Ad Alert

Beyond Meat: Made without ‘Synthetically Produced Ingredients’? investigates ingredients in company’s flagship product, the Beyond Burger.


Ad Alert

Beyond Meat: Made without ‘Synthetically Produced Ingredients’?

UPDATE 6/21/21: Following the publication of this ad alert, Beyond Meat removed the claim in an FAQ on its website that its products are made without “synthetically produced ingredients.” See before and after. Our original ad alert follows.

A market leader in the rapidly growing plant-based meat category, Beyond Meat claims in an FAQ on its website that its products are made without “synthetically produced ingredients.” In media interviews, Beyond Meat CEO Ethan Brown has said the products contain “nothing artificial” and that the company is committed to using “no artificial ingredients.”

But two ingredients in the company’s flagship product, the Beyond Burger, throw these claims into question, found after receiving a tip from a reader.

The first is methylcellulose. On its website Beyond Meat classifies the ingredient as a carbohydrate and a “plant fiber derivative.” However, according to an article published in 2011 in the International Journal of Drug Formulation and Research, methylcellulose “does not occur naturally and is synthetically produced by heating cellulose with caustic solution … and treating it with methyl chloride.” The second ingredient is “Natural Flavors,” which while derived from natural sources, such as plants, can comprise more than 100 chemicals, some of which may be synthetic.

In a request for comment for this article, asked Beyond Meat about the 2011 article describing methylcellulose as a synthetically produced ingredient and how it ensures that there aren’t any synthetic chemicals in the natural flavors in its products. We have yet to hear back. These ingredients are also found in Beyond Meatballs and Beyond Breakfast Sausage.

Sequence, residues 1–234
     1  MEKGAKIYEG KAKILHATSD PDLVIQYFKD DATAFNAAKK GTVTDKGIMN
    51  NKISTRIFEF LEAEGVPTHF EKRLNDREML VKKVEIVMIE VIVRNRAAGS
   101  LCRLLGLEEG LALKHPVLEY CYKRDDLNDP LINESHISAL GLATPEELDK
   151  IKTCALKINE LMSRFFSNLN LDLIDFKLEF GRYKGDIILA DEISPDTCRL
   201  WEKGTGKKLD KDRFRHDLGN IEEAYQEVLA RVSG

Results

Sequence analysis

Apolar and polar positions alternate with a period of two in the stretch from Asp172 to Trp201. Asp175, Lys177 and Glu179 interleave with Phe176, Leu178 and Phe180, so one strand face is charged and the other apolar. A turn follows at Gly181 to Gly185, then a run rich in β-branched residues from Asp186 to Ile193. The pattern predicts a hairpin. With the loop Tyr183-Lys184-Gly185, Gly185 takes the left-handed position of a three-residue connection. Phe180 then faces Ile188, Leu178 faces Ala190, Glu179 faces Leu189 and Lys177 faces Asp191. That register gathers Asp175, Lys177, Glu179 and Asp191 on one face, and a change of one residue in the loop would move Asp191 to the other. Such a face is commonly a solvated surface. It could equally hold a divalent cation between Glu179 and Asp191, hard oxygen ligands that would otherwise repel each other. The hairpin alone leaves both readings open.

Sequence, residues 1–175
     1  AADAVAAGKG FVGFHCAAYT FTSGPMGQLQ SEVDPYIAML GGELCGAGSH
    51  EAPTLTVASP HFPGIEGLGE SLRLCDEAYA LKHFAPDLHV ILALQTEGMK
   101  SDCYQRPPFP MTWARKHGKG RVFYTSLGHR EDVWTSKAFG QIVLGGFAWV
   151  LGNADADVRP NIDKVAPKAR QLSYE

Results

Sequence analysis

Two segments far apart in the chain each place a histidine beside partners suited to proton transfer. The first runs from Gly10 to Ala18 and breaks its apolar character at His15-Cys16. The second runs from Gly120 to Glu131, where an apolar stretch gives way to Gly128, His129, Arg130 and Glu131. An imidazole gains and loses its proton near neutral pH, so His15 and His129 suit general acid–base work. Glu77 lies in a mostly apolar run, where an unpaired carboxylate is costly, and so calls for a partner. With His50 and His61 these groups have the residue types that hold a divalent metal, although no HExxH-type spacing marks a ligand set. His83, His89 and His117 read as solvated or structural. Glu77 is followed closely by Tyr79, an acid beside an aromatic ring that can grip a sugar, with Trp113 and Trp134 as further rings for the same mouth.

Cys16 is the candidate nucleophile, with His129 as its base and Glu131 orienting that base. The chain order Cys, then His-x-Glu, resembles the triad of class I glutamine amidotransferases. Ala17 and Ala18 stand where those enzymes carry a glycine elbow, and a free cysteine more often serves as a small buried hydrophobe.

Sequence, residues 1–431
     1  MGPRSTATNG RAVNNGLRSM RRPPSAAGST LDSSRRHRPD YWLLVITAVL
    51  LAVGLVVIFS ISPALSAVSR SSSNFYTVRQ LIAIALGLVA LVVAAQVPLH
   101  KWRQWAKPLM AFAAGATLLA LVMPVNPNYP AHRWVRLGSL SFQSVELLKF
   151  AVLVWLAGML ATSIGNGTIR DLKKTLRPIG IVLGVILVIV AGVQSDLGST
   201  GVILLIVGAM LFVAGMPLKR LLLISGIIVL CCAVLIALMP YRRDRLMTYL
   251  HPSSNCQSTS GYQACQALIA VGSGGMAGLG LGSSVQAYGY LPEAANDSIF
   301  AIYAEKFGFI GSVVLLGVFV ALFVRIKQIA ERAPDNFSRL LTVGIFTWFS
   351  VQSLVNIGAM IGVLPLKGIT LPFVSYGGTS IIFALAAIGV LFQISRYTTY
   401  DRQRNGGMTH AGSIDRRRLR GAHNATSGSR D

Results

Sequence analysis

Beyond Meat’s products are sold at several major retail and grocery stores, including Target and Whole Foods, and are featured on the menu at fast-food chains such as Carl’s Jr., Subway and KFC.

The California-based company’s products are part of a global plant-based meat market that was valued at $4.3 billion in 2020 and is projected to reach $8.3 billion by 2025. Even as nutrition experts warn that the products may not be as good for you as they are for the environment, meatless meat has gone mainstream.

The conventional meat industry has taken notice. Earlier this month, Texas lawmakers approved a bill backed by Big Meat that would ban plant-based foods from using the terms “meat” and “beef” on labels, in the name of protecting consumers from deceptive advertising.

Find more of our coverage on plant-based burgers here.

Our Ad Alerts are not just about false and deceptive marketing issues, but may also be about ads that, although not necessarily deceptive, should be viewed with caution. Ad Alerts can also be about single issues and may not include a comprehensive list of all marketing issues relating to the brand discussed.

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